Walking in the truth

I have no greater joy than to hear that my children are walking in the truth. — 3 John 4

Every Friday, a group of men from my church get up early (earlier for some than others!) to have coffee at a local coffee shop and talk about a portion of scripture. My pastor, Scott Friesen, is there to guide the discussion, but it is by far from a one-man show. There have many fruitful times of mining the word together, finding what is there and discovering other things we may have missed. It is a blessing to be with a group of men who have a love for the Word.

This Friday we looked at 3 John together. It is such a small book that it may seem obvious what is there and maybe not be a ripe field for harvesting. However, we had rich discussion about things like showing hospitality to workers in the word, the danger of false teachers within the church and the desiribility of a good reputation as a believer.

Concerning the verse above, we talked about how rewarding it is to see your children do well. For most of the men, this was a concept easy to grasp since we all know about the love a father has for his children. Looking at this verse, you have to ask, “What is the truth that John is speaking about?” In this little book John talks about the truth often. To Gaius, he is commending him for walking in it and showing hospitality to those who are “workers in the truth.”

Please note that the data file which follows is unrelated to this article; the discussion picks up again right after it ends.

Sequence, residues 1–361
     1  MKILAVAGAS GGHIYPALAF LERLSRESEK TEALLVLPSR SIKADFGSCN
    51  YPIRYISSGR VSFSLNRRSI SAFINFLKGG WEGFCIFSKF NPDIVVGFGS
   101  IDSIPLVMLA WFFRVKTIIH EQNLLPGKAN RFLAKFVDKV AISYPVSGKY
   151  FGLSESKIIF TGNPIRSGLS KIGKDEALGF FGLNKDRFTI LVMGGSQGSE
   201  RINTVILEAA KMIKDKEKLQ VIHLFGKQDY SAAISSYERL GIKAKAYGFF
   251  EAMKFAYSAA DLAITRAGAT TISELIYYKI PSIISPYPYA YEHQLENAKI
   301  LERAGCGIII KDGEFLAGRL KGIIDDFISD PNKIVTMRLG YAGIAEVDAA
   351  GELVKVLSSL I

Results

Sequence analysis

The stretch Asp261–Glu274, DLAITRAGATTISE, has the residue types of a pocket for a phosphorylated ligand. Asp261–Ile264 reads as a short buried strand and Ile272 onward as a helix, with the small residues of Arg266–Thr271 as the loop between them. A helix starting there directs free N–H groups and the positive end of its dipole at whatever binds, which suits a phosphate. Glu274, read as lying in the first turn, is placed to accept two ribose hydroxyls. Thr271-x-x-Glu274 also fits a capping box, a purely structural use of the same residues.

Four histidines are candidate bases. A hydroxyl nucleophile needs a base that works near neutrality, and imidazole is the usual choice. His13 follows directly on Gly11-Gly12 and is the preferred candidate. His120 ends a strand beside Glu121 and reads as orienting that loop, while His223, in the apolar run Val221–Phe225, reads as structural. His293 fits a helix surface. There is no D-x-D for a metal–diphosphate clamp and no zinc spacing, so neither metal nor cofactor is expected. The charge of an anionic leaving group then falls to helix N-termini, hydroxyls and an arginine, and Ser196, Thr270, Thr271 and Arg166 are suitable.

We talked about this for some length. This letter follows up two others from John warning the church to avoid false teachers. It is here in this letter as well. The truth, I believe, is the teachings that have come down from the apostles. Ultimately, it is Jesus Christ and all that he is. This is in direct contrast to the attitude in this day and age that makes truth something fuzzy and vague. This says that doctrine matters and that it brings great joy to John to know that these people are walking in a way that honors that teaching.

So, John takes great joy from this. He says this brings him “no greater joy.” He is not a mercenery, looking to gain monetarily from people’s faith. Later, he condemns Diotrephes, who appears to have put himself before the truth. It is clear that John is concerned with how people think about this truth. It’s not that they live a good life and do good things. Those things may happen, but without walking in the truth they are empty.

We talked about verse 11: Beloved, do no imitate evil but imitate good. Whoever does good is from God; whoever does evil has not seen God. Now, without looking at the Word, we could make up what that means and maybe satisfy ourselves that we are followers of Christ. But John also wrote in 2 John 1:9: Everyone who goes on ahead and does not abide in the teaching of Christ does not have God. Whoever abides in the teaching has both the Father and the Son.

I am left with the feeling that my relationship with God depends on how much time I want to spend knowing what he has said. It is my prayer that I abide — dwell, live — in the teaching of Christ, which is the Bible.

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